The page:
For several years I have been engaged in a study of the socio-psychological reactions to epidemic diseases that cuts across the canonical periods of history—Antiquity, Middle Ages, Early Modernity, and Contemporary History. From a wide range of sources, I have been collecting thousands of descriptions of epidemics as early as the ‘great pestilence’ during the First Dynasty of Pharaoh Mempses, c. 2920 BCE. Against the grain of the historiography, I am finding that few epidemics spurred hatred against the ‘other’ or indeed against any insiders. Instead, before the nineteenth century and the ‘laboratory revolution’ of the 1870s, when epidemic diseases rarely, if ever, had effective cures and most were medically mysterious, my research reveals the opposite: such outbreaks tended to dissolve class conflicts (at least for the course of the epidemic) and to elicit compassion and self-sacrifice.
What about the Black Death?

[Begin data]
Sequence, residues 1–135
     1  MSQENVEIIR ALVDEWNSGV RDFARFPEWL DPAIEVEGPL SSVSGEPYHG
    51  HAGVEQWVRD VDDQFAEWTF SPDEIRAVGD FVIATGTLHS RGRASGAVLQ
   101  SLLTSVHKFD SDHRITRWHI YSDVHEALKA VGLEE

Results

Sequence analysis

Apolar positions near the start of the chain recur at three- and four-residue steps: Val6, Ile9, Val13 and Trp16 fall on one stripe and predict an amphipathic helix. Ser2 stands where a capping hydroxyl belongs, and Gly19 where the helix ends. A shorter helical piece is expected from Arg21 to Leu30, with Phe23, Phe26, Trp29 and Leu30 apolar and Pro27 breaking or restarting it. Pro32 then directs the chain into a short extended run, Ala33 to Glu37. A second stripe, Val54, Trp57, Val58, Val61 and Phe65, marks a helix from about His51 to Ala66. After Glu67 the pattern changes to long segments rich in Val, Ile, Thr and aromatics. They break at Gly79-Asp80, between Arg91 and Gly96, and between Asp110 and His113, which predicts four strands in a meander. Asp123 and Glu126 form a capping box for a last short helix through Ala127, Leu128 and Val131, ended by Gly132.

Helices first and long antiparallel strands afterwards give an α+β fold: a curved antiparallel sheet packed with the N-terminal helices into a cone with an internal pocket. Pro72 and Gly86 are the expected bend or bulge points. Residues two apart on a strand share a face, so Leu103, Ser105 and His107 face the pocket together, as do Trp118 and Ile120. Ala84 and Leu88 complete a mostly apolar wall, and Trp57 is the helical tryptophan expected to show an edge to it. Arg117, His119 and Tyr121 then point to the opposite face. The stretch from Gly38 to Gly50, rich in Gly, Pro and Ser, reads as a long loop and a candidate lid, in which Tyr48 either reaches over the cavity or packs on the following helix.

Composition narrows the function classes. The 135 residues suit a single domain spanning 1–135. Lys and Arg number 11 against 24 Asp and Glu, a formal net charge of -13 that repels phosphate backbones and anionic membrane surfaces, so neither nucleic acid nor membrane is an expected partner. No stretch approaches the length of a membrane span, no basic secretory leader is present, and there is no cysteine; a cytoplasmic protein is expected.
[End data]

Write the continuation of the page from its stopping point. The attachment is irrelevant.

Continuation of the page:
Indeed, the Black Death of 1347-51 was the striking exception, not only for the Middle Ages, but for any epidemic or pandemic across time and space. But with numerous successive waves of plague during the later Middle Ages and Renaissance, its mass terror against Jews or against any other minorities was not repeated. However, as early as 1530 and into the seventeenth century, accusations of intentional plague spreading (‘engraisseurs’ in France; ‘untori’ in Italy) emerged, even if the numbers accused or executed never approached those of 1348-51. This early modern rise in accusations, trials, and execution of supposed plague-spreaders was not the result of ‘ideas and fantasies’ tumbling forth from isolated alpine foyers as Yves-Marie Bercé once alleged.  Not only did such accusations arise in cities near the Alps as with Geneva, Lyon, and Milan, they spread with early modern plague in Toulouse, Rouen, Palermo, Messina, Madrid, Rome, and other places awaiting to be studied. More importantly, their impulse had nothing to do with imported ideas or individuals from backward places outside cities. Instead, with the backing of physicians, university-educated judges compiled and authorized the accusations, imposed the tortures, and executed the victims. During Milan’s plague of 1630, where trial transcripts survive, one of Europe’s most advanced health boards, steeped in the latest scientific knowledge about plague contagion and its mechanisms of transmission, gave ‘scientific’ credence to the allegations and supported the executions. In addition, the accused were not ‘outsiders’ but ‘insiders’, beginning with solid native-born skilled artisans and ending with young bankers and even the son of one of the most important military leaders of the city.